Riley Brandt, University of Calgary
Feb. 22, 2019
UCalgary students showcase their musical chops in festival on campus
For first-year biology student Anna Carlson and her bandmates, performing live doesn’t get much better than the annual Alberta International Band Festival (AIBF) taking place at the University of Calgary's Rozsa Centre this weekend in the Eckhardt-Gramatté Hall — one of the premiere music recital facilities in Western Canada.
“I’ve been playing in the AIBF since junior high,” says Carlson, who plays the euphonium, a small tenor-pitched tuba. “It’s always a lot of fun, we get to play concert music. It’s a good showcase for us.”
Carlson and dozens of students across campus are members of the Calgary Stampede Showband, a youth leadership program created in 1971 to offer musical training to young Calgarians and to serve as international ambassadors for the Calgary Stampede. While the band plays all over North America and beyond every year, the AIBF gives them a chance to measure themselves against other homegrown talent from across Alberta and Western Canada.
“AIBF is a big deal for anyone involved in music in Alberta to get together and evaluate where we’re at,” says Connor Beatty, a first-year music major at UCalgary who plays trombone in three bands in his program on campus and has been with Showband for three years.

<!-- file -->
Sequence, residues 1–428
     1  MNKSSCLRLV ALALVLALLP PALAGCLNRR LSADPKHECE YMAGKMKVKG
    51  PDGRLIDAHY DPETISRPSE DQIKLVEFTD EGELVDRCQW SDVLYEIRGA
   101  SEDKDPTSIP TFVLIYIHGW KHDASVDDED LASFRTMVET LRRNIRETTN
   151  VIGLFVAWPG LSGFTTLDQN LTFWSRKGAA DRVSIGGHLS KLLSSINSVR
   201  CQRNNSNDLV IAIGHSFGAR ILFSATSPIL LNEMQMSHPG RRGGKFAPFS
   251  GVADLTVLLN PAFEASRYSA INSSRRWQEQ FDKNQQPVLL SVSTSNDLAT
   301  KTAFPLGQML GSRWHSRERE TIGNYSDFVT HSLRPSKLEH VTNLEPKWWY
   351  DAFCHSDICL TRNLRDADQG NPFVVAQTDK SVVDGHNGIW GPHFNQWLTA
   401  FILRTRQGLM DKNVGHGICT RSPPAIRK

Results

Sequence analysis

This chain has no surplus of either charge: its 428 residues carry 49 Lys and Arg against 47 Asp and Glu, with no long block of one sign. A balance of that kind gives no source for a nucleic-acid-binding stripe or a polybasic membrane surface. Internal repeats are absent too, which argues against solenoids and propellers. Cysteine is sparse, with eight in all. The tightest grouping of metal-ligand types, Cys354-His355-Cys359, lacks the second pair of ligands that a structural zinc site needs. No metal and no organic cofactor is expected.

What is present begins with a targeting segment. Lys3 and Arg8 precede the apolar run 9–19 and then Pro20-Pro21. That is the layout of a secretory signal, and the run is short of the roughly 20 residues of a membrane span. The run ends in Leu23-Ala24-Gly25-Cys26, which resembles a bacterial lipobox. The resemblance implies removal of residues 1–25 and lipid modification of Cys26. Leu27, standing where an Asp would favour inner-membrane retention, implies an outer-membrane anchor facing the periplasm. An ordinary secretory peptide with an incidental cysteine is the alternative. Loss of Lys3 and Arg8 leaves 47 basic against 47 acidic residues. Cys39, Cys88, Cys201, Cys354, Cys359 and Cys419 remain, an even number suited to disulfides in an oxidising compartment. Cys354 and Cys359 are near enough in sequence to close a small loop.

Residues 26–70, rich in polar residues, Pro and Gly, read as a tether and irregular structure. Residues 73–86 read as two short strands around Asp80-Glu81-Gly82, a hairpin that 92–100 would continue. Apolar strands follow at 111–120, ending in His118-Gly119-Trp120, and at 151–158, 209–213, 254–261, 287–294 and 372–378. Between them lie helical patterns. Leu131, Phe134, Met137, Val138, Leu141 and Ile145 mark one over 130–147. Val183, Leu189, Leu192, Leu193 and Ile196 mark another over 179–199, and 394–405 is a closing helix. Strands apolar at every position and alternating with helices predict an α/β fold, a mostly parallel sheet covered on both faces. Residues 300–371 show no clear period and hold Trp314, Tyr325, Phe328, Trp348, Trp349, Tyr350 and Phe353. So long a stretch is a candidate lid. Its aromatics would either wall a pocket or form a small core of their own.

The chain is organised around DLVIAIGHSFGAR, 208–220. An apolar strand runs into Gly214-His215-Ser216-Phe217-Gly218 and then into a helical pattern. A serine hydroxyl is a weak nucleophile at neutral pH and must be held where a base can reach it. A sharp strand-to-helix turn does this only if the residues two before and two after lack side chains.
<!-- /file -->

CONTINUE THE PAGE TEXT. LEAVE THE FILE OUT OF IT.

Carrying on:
Sponsored in part by the University of Calgary and the School of Creative and Performing Arts, AIBF has been running festivals in Edmonton and Calgary for nearly 50 years. This year the Calgary festival will welcome about 6,000 students from across southern Alberta and Western Canada playing in 200 bands, as well as 100 teachers (many of them UCalgary alumni) and thousands of parents and family supporters. The festival also attracts adjudicators from around the world, who work with participants to add a strong educational component to their performance experience.
The Stampede Showband is just one of those 200 groups, but brings together students from many programs across campus, including engineering, science, kinesiology, and arts. The band spends half of its performance year doing concert music and the other half doing marching band performances. In all, members perform together about 200 times over the year. They started out this year performing in the annual Rose Parade in Pasadena, Calif. on Jan. 1, in front of hundreds of thousands of spectators and millions more on television.
The current conductor for Showband’s concert band work is Gareth Jones, a sessional instructor with the School of Creative and Performing Arts. Together, they will perform a selection of concert music at AIBF on the morning of Sunday, Feb. 24. Spectators are welcome.
AIBF performances take place at three Calgary venues, starting with the concert band showcase at the Rozsa Centre Feb. 20-26. The festival also includes a showcase for jazz bands, Feb. 26-March, 1 at Doherty Hall, Stampede Park and a showcase for novice concert bands, April 24-26, also at Stampede Park. Details at Alberta International Band Festival.